Imagine you're interviewing a recent college graduate for a job opening. She's smart. She's enthusiastic. She's motivated and driven. But she also has almost no work experience, and very little experience as an interviewee -- which can make assessing her fit for the position extremely hard.
But still: As an interviewer, you're left to make your hiring decision based more on impressions rather than on the candidate's accomplishments and experience.
That's one reason a recent Gallup study shows that almost 25 percent of millennials have switched jobs within the past year, a rate that is three times higher than that of any other age bracket. And only half of millennials see themselves still working at their current employer one year from today, and 60 percent say they're open to finding a new opportunity.
Clearly recruiting, interviewing, and hiring the right recent college graduates is a problem for employers and for job candidates, a problem the staffing firm Avenica works to solve. Avenica focuses exclusively on placing recent college graduates into permanent roles.
How does that work? And what can you learn from Avenica's approach to interviewing and hiring recent college graduates?
I talked with Avenica CEO Brian Weed to find out.
Unlike many staffing and recruiting firms, you actively work on both the supply and demand side.
There are two sides to the hiring equation: The talent pool side and the client side. We develop those in parallel. We're always looking for people that will be perfect for the roles that companies need, but we also work to develop and build relationships with those companies.
On the candidate side, we take each person through a series of steps. We start with a phone interview to assess the individual's communication skills, their interest in our model, and their interest in the types of clients we have.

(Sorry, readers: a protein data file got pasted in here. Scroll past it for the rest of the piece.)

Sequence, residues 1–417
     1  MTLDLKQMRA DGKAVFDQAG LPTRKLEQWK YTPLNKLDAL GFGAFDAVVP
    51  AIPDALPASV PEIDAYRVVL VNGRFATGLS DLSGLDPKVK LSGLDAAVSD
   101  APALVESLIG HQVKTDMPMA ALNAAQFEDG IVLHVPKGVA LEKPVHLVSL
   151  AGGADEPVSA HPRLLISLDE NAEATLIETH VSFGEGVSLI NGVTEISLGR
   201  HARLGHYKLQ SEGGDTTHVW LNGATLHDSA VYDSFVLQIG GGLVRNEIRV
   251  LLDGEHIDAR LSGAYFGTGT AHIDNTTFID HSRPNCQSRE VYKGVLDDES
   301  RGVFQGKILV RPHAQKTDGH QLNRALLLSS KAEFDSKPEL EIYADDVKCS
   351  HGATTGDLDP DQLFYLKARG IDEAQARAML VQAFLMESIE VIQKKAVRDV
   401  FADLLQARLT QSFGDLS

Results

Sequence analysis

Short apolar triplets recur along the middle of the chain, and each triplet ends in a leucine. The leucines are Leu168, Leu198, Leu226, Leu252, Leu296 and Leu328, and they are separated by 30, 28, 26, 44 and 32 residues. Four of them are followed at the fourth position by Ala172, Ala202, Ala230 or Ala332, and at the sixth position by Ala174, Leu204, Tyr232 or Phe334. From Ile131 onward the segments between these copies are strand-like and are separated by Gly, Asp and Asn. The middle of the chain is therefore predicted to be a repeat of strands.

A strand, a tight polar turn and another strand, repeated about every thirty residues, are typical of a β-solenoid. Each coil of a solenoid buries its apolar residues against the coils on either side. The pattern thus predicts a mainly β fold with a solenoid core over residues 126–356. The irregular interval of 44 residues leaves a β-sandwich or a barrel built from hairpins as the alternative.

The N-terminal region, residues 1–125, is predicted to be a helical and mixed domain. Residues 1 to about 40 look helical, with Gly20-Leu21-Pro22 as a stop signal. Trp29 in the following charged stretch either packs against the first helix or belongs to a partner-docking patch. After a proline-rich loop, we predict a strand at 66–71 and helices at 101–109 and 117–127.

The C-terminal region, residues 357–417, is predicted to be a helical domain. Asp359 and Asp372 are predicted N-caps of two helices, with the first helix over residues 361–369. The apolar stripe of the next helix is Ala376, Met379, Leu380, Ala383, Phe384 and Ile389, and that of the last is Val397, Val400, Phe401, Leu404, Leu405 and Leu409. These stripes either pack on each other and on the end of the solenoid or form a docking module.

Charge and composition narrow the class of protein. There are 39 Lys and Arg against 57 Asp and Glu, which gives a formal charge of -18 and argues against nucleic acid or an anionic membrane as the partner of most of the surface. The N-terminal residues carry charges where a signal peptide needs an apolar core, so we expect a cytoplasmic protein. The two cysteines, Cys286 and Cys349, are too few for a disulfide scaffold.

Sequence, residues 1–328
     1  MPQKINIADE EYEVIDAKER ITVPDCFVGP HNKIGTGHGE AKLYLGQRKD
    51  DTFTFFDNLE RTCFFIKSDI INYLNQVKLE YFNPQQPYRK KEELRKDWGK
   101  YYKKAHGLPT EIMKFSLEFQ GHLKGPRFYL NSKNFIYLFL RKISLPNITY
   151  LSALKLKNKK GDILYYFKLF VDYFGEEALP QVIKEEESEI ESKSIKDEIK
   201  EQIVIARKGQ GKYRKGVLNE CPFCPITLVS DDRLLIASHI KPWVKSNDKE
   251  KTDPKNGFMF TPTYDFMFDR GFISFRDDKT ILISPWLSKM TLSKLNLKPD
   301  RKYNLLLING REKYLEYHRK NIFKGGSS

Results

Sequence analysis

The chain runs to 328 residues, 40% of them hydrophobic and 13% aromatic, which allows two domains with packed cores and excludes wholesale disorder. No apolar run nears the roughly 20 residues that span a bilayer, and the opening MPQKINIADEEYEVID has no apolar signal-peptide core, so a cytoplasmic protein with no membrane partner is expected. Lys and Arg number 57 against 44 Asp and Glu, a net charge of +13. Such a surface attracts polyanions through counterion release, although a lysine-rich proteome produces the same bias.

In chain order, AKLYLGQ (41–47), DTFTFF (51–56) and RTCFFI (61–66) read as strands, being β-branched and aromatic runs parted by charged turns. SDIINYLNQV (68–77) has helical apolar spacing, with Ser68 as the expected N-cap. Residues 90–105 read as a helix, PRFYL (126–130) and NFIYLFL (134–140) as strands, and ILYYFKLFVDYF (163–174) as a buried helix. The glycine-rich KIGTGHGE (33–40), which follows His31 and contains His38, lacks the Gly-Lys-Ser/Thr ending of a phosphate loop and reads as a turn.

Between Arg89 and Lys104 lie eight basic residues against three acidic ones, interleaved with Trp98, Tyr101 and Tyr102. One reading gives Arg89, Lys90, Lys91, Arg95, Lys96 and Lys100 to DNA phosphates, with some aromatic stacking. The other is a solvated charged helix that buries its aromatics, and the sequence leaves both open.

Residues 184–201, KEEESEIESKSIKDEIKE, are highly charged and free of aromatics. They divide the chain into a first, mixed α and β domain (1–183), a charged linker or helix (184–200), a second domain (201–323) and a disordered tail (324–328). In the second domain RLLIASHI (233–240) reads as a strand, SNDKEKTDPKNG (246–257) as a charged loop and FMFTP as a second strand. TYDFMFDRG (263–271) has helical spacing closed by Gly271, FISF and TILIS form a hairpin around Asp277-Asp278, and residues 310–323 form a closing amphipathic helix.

The next step is where most of the magic occurs. We conduct in-depth, two-part interviews. The goal with the first hour-long interview is to determine exactly how the candidate stacks up against what twelve of what we consider to be the most important transferrable skills. Those skills aren't specific to a particular job; they're cognitive and non-cognitive skills and attributes.
We come out of that interview with a great understanding of the kinds of roles the candidate will thrive in.
Sometimes work I may be able to do well is not the kind of work I want to do, though.
That's why the second interview focuses on career exploration. We talk about dream jobs, about what give you energy, about a time when you were most engaged and excited, the work environment you prefer... and at that point we can help steer the candidate a bit. Often we can open people's eyes to opportunities they didn't know exist.
Theoretically they've spent the last four years trying to figure out where they fit in the workplace... but that's not always the case. And not every college is great at helping prepare kids for what they want to do after they graduate.
Your major doesn't define you. Say you're a history major; there are plenty of interesting opportunities for people with analytical skills, communication skills, problem solving skills, etc.
We also screen for the understanding that new graduates will need to work their way up the ladder.
I may want to start at what would be my fifth job... but no one is going to hire me for that right out the gate.
Exactly. So we help people understand that being willing to work hard to get promoted can be a real competitive advantage.
We also overweight experiences where a person had to fight through some adversity, had to work through challenges, had to balance schedules because of work or athletics...
Ultimately, if you make it through those steps and we think you're a good fit for our client base, we put you in our talent pool. Once we put you in the talent pool... things happen pretty quickly because we're actively working to place you.
Helping clients with their expectations is also important.
On the client side, we definitely help them think through how their entry-level jobs should be scoped and structured. Sometimes we help to rewrite job descriptions... but more importantly, we help clients understand that some of the old paradigms are too limiting.